Dir. Emerald Fennell
Our critic said: “Fennell is in blow-it-all-up mode, and the result is a spikily entertaining, narratively rackety ride led by a formidable Barry Keoghan in devil-may-care mode.”
Contact: MGM (US); Amazon Prime
Read our review

Tatami (Venice)
Dirs. Guy Nattiv, Zar Amir
Our critic said: “A unique collaboration between an Iranian and an Israeli filmmaker that transforms an initially straightforward scenario into an increasingly tense, involving drama.”
Read our review

Woman Of The Hour (TIFF)
Dir. Anna Kendrick
Our critic said: “A tremendous directorial debut from Anna Kendrick in this true-life serial killer drama which takes unexpected twists and turns.”
Contact: AGC International
Read our review

Bafta hopefuls

'One Life'

Source: BFI London Film Festival

‘One Life’

One Life (TIFF)
Dir. James Hawes
Our critic said: “The feature a layered performance from Anthony Hopkins as a man who keeps the past locked up tight.”
Contact: Film Nation, Rob Carney
Read our review

Wicked Little Letters (TIFF)
Dir. Thea Sharrock
Our critic said: “Olivia Colman and Jessie Buckley re-unite to delightfully profane effect in this sweary comic twist on the cosy period drama.”
Contact: Studiocanal
Read our review

Performance categories

The Burial

Source: Toronto International Film Festival

‘The Burial’

The Burial (TIFF)
Dir. Maggie Betts
Our critic said: “A barnstorming performance from Jamie Foxx (and sterling supporting work from his suits) drives this punchy and wildly entertaining courtroom drama.”
Contact: Amazon Studios
Read our review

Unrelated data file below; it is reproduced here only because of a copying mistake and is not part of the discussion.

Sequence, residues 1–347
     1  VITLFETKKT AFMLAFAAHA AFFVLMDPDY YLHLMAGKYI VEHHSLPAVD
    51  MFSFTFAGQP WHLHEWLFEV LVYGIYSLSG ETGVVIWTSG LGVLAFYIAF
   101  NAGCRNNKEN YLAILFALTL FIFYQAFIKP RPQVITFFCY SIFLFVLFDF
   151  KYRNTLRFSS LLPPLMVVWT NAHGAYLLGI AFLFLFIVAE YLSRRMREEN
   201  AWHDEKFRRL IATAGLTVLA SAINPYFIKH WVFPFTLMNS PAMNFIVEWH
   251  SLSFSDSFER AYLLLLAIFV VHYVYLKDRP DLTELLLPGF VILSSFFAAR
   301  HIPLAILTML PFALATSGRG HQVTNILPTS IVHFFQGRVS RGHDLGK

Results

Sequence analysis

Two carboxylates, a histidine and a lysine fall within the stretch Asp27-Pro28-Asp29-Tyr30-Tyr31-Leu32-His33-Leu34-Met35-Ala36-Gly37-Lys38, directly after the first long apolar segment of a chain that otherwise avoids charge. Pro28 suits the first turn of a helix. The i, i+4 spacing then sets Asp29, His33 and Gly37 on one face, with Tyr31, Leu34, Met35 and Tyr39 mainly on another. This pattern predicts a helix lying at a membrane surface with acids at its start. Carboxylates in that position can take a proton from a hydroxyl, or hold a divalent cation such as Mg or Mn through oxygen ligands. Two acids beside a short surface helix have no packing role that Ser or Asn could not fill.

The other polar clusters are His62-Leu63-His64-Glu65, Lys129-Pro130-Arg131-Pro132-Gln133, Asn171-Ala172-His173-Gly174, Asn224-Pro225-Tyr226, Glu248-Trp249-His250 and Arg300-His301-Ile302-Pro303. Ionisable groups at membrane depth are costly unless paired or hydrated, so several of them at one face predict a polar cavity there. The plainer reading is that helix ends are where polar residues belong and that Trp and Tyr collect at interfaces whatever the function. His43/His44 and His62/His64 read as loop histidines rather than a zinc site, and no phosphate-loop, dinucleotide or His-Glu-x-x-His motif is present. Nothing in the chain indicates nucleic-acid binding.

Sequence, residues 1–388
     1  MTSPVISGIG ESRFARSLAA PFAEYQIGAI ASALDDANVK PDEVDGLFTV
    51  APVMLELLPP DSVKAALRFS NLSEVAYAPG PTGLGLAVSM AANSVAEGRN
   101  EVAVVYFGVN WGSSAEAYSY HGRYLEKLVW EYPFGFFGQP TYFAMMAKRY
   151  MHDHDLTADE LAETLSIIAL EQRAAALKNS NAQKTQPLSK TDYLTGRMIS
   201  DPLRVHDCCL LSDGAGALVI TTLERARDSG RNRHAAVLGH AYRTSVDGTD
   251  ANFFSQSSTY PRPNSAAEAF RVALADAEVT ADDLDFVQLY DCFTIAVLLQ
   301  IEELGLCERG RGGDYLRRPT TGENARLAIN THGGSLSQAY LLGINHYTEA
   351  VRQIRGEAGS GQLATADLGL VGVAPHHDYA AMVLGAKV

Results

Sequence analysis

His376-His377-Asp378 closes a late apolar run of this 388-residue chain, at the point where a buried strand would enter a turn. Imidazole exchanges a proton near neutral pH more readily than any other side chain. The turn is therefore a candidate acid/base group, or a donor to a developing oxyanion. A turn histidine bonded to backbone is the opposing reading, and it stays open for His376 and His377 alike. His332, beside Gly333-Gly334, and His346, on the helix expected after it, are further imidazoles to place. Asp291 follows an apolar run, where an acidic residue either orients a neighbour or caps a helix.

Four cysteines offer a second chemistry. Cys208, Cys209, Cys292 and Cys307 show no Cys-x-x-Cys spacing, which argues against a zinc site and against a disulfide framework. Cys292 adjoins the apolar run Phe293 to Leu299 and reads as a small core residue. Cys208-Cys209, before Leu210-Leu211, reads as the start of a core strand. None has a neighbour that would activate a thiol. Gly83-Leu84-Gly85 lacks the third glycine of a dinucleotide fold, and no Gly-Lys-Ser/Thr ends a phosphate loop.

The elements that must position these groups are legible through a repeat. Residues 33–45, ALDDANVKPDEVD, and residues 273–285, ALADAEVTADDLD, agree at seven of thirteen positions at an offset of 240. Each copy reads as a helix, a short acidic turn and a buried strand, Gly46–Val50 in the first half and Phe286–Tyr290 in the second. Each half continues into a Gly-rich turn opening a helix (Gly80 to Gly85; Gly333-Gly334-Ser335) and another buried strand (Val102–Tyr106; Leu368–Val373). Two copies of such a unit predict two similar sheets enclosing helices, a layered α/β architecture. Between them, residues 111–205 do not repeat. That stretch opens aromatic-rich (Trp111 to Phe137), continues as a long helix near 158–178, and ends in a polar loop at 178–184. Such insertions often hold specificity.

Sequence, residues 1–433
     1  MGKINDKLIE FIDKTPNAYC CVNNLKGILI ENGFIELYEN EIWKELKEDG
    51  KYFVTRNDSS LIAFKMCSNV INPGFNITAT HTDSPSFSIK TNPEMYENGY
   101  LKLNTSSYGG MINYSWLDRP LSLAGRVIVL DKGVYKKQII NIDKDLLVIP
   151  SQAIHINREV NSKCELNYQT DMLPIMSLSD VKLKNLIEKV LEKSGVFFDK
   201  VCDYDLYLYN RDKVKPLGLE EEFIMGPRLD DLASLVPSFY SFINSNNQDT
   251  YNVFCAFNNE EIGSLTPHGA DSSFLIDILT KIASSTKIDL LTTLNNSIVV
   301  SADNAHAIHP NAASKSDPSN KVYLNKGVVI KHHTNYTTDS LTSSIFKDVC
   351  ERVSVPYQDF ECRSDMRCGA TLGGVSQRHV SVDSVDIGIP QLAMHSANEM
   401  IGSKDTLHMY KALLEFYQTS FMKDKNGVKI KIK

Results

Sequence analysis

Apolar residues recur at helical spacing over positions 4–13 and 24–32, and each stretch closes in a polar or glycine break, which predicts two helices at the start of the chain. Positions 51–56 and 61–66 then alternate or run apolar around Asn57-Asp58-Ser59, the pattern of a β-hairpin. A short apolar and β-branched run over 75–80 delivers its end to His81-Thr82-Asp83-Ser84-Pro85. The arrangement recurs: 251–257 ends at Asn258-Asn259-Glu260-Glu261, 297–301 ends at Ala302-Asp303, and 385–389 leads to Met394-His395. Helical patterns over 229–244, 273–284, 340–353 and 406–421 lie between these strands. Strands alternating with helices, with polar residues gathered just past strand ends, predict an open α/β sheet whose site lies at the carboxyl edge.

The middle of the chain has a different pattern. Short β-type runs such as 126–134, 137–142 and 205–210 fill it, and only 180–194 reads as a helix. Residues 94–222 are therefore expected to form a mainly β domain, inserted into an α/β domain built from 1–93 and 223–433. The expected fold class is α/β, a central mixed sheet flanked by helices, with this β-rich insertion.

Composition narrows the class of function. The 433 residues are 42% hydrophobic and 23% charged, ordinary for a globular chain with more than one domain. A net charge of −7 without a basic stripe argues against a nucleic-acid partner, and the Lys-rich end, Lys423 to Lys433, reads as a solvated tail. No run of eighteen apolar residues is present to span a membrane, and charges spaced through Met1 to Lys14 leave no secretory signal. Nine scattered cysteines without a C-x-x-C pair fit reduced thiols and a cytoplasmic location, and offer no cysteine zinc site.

Lee (TIFF)
Dir. Ellen Kuras
Our critic said: “Kate Winslet stars in a satisfyingly textured portrait of a remarkable and unusual woman.”
Contact: Rocket Science
Read our review

Memory (Venice)
Dir. Michel Franco
Our critic said: “This may very well have awards-season impact by virtue of stars Jessica Chastain and Peter Sarsgaard, both following their characters into psychologically shark-infested waters.”
Contact: The Match Factory
Read our review

Nyad (Telluride)
Dirs. Elizabeth Chai Vasarhelyi, Jimmy Chin
Our critic said: “Annette Bening stars in this stirring, if conventional, tale of dreams and determination.”
Contact: Netflix
Read our review

Rustin (Telluride)
Dir. George C. Wolfe
Our critic said: “Colman Domingo is magnetic as the witty, driven leader who fell out with Martin Luther King Jr. because of his sexuality, the two men eventually mending fences to push for change in American policy.”
Contact: Netflix
Read our review

Animation and docs

'The Boy And The Heron'

Source: San Sebastián film festival

‘The Boy And The Heron’

The Boy And The Heron (TIFF - international premiere)
Hayao Miyazaki
Our critic said: “Miyazaki’s long-awaited return to film-making is full of stunning images that vary from sublime to nightmarish.”
Contact: Goodfellas
Read our review

High & Low: John Galliano (Telluride)
Dir. Kevin Macdonald
Our critic said: “Between the highs-and-lows of razzle-dazzle couture there a substantial film here, and a frank portrait of a damaged, evasive man trying to come to terms with what he has done.”
Contact: Mubi
Read our review